Nick Brandt is committed to the role of photographer as a social activist. He not only tells the vital stories of a natural world that is disappearing, but also used that imagery to try spread its important message to try to help save it.
In this talk, Nick will discuss his long term projects, including his newest The Day May Break. How does he produce the projects? Create the images? Exhibit and publish the resulting images? Nick will discuss all this and more. If you want to use your photography to tell important stories, you do not want to miss this!
The Day May Break is the first part of a global series portraying people & animals impacted by environmental destruction. The people in the photos have all been badly affected by climate change - displaced by cyclones that destroyed their homes, displaced & impoverished after years-long severe droughts.
The photos were taken at 5 sanctuaries/ conservancies. The animals are almost all long-term rescues, due to everything from poaching of their parents to habitat destruction & poisoning. These animals can never be released back into the wild. Now habituated, the people & animals were photographed together in the same frame.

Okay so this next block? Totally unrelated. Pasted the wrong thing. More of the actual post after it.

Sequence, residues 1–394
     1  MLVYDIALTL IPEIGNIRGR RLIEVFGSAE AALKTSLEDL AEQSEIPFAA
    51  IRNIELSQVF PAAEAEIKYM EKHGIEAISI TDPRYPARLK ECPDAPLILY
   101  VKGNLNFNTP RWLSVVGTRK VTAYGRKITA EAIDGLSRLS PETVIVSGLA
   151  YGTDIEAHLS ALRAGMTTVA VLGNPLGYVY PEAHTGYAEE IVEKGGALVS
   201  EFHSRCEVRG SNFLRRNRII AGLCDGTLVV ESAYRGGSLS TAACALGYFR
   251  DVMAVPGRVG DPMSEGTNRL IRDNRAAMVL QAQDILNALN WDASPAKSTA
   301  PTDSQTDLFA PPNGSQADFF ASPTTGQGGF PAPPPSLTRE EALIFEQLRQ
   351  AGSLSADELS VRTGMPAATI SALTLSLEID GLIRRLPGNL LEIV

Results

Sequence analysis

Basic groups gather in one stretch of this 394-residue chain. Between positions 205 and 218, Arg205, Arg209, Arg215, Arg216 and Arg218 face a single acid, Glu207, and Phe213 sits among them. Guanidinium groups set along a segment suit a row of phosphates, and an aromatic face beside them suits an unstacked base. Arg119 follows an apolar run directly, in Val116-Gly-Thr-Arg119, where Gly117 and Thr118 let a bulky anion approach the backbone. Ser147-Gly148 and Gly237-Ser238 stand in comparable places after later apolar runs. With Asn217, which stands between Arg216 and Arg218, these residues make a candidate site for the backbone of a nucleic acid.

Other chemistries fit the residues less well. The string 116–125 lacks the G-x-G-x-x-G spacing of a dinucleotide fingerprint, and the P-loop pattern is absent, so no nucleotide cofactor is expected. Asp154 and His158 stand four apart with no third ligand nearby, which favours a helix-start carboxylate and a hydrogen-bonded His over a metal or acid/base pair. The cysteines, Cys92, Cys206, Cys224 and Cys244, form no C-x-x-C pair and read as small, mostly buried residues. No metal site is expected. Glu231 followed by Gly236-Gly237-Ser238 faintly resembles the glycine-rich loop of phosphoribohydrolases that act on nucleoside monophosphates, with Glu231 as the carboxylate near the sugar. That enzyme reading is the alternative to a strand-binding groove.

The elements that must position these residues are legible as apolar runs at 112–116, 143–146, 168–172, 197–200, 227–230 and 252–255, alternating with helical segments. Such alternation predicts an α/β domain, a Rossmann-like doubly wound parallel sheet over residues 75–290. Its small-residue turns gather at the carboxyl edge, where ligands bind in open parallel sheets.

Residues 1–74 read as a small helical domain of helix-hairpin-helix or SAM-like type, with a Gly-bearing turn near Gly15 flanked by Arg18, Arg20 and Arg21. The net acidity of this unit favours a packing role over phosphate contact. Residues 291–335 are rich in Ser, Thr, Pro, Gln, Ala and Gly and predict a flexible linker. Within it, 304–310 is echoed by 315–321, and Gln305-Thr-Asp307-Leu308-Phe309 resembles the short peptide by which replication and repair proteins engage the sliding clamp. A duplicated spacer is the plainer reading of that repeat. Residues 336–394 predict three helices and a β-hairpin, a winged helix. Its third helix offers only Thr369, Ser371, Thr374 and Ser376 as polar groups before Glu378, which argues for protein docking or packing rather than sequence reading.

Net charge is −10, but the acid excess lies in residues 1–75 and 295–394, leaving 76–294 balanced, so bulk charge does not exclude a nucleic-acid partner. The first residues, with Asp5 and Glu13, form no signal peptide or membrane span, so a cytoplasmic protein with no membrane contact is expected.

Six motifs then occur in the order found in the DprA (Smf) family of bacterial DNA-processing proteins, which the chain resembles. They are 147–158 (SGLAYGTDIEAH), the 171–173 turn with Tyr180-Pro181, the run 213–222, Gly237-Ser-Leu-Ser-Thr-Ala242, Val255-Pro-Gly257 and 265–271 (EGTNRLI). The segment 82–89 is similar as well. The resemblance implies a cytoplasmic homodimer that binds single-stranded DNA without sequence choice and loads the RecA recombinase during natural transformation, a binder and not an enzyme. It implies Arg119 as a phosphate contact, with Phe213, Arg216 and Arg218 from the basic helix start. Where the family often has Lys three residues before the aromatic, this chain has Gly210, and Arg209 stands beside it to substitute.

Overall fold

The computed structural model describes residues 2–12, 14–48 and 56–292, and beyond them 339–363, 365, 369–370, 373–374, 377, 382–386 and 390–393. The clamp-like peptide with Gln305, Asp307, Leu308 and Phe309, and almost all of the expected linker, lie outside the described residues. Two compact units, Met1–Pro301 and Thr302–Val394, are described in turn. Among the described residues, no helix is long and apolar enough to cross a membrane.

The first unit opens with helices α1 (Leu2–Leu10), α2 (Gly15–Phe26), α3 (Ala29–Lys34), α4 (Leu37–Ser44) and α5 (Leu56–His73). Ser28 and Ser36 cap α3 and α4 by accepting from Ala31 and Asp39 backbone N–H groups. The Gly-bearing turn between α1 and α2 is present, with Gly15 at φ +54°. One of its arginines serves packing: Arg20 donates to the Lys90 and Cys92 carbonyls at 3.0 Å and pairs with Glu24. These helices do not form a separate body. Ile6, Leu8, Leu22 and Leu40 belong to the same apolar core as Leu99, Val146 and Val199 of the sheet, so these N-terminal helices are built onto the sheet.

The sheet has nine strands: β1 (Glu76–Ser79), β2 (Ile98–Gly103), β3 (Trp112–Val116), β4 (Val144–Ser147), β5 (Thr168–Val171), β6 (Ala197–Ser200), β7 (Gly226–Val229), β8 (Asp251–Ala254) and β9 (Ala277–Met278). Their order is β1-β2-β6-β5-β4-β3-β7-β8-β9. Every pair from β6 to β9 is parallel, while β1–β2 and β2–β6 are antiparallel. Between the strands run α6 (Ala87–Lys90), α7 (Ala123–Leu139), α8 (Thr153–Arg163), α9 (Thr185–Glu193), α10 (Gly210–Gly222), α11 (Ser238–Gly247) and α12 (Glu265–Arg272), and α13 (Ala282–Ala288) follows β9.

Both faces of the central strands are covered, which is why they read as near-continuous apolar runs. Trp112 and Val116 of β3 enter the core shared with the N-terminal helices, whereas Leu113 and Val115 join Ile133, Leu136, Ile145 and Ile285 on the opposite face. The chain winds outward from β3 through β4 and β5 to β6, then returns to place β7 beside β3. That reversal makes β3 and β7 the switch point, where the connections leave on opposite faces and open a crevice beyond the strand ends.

Nick’s talk will be followed by a Q&A (so get your questions ready!) This will be a great opportunity to ask about anything from long term projects and their place in our industry, to Nick’s beautiful work.
Nick Brandt is an internationally acclaimed photographer whose work focuses mostly on the rapidly disappearing natural world, as a result of environmental destruction, climate change and man's actions.
For the last twenty years, Brandt has repeatedly traveled to Africa for months at a time to address the impact of environmental destruction on the natural world and now humankind. The result has been a body of work of stunning beauty that has been published in six books. He has also had solo gallery and museum shows around the world, including the Edwynn Houk Gallery here in New York.
Wanting to do more to address the killing of animals within the Amboseli/Kilimanjaro ecosystem in Kenya,Tanzania, Brandt founded the non-profit Big Life Foundation in 2010. Big Life Foundation now employs several hundred rangers who protect approximately 1.6 million acres of ecosystem.
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